Thanks to its notorious witch trials, Salem is already a regular feature in many history classes. But now, with a classic free-market vs regulation conflict brewing in the city, there may be reason to add it to some economics textbooks as well.
In 2007, in a move hailed by believers in an unfettered free market, the Salem city council scrapped the limit on the number of psychics allowed to operate in the city. Now some want to reimpose it, arguing that by giving the invisible hand of the market free reign, the town is in danger of being overrun with mediums.
Some of the biggest supporters of reinstating the cap come from an unlikely source: members of the clairvoyant community themselves, who say the proliferation of new psychics is threatening their businesses. (As an aside: shouldn't they have seen this coming? Just asking.)
While it may not be the most conventional of examples, the dispute is not all that different from the dilemmas cities have dealt with licensing other businesses like taxicabs. In fact, the episode makes for what University of Michigan economics professor Mark J. Perry calls "a good case study of occupational licensing, with economic lessons in barriers to entry, contestable markets, and government regulation vs. market competition."
On one side sits Barbara Szafranski, a long-time psychic license holder who wants the cap to be reinstalled. Szafranski believes the city needs to regulate the number and quality of psychics in town. "I'm in favor of putting the cap on because there are so many psychics in the city now," she said. "When I first opened up my business 25 years ago I was just about the only one in this area and, of course, as you're seeing since then it's grown and grown and grown," said Szafranski.
Szafranski contends she has lost 75 percent of her business since the cap was lifted, and she hopes the city will do more to prevent charlatans from offering readings.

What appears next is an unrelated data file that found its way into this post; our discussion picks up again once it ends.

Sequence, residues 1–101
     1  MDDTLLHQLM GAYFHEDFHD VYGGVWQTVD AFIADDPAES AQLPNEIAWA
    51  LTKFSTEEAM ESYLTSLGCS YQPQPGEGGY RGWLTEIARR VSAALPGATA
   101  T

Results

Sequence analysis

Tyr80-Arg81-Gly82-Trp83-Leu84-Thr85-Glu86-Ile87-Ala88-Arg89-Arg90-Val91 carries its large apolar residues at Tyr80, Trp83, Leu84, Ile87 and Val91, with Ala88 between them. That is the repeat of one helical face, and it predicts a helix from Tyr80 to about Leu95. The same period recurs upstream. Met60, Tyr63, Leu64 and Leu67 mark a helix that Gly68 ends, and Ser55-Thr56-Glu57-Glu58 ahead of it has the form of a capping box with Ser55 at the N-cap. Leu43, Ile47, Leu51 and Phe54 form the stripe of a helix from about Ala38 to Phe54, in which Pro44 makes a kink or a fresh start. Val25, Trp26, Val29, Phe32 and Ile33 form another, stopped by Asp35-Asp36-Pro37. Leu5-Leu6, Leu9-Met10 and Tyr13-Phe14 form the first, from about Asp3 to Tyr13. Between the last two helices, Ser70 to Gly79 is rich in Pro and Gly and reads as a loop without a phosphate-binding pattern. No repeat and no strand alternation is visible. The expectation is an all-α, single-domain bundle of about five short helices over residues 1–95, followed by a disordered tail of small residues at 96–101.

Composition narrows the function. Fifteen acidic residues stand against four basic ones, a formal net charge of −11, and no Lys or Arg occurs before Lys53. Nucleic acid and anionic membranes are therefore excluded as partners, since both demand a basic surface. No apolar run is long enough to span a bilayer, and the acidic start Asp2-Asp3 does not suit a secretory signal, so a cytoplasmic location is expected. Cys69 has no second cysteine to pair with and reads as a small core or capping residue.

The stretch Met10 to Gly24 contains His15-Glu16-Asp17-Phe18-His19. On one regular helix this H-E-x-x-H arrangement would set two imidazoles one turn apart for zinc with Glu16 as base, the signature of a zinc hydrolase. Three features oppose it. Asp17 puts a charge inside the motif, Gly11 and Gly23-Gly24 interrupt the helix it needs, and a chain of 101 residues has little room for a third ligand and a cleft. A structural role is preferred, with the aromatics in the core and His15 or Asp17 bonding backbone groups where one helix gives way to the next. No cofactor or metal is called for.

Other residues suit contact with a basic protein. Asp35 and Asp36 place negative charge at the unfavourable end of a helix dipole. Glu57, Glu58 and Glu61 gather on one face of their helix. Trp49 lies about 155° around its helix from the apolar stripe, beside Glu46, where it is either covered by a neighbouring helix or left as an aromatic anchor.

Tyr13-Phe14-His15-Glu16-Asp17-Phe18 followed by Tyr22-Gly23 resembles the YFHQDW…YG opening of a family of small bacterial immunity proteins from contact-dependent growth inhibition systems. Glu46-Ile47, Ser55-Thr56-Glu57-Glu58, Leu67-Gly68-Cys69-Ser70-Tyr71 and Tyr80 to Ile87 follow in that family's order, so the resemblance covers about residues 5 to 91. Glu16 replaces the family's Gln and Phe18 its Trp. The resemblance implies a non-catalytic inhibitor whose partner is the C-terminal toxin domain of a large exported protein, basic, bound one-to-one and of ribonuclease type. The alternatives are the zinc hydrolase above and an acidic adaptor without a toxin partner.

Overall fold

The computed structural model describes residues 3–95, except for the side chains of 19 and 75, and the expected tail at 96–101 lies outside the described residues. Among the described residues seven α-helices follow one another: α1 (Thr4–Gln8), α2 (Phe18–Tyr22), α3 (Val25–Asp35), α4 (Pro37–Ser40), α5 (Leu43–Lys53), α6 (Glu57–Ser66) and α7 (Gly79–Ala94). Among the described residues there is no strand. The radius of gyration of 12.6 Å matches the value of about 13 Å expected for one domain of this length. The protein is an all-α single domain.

"It just becomes a bunch of gypsies," she groused. (But isn't judging who is and isn't a bona fide soothsayer iffy business, though, especially considering Salem's track record? Again, just asking.)
On the other side of the argument sits local warlock Christian Day, who owns two shops in the city. "As a person who believes in the power of the free market," Day said, "I believe that the free market should decide whether or not there are too many psychics. If we have too many, they won't make any money and they leave. It's just like anything else."
Day believes popularity, not seniority, should determine who stays in business, and that if "you cap the number of licenses and keep those people with licenses protected you essentially guarantee that people with lesser talent are protected."
Anyone who happened to read my post last week arguing that the city of Boston should do what it can to get out of the business of taxicab regulation may not be surprised that I side with Day over Szafranski on this issue. To paraphrase Frank Sinatra, regulating psychics ought to be strictly taboo.
Globe file photo: Warlock Christian Day (far right) and other members of the Salem Psychic Fair in 2005.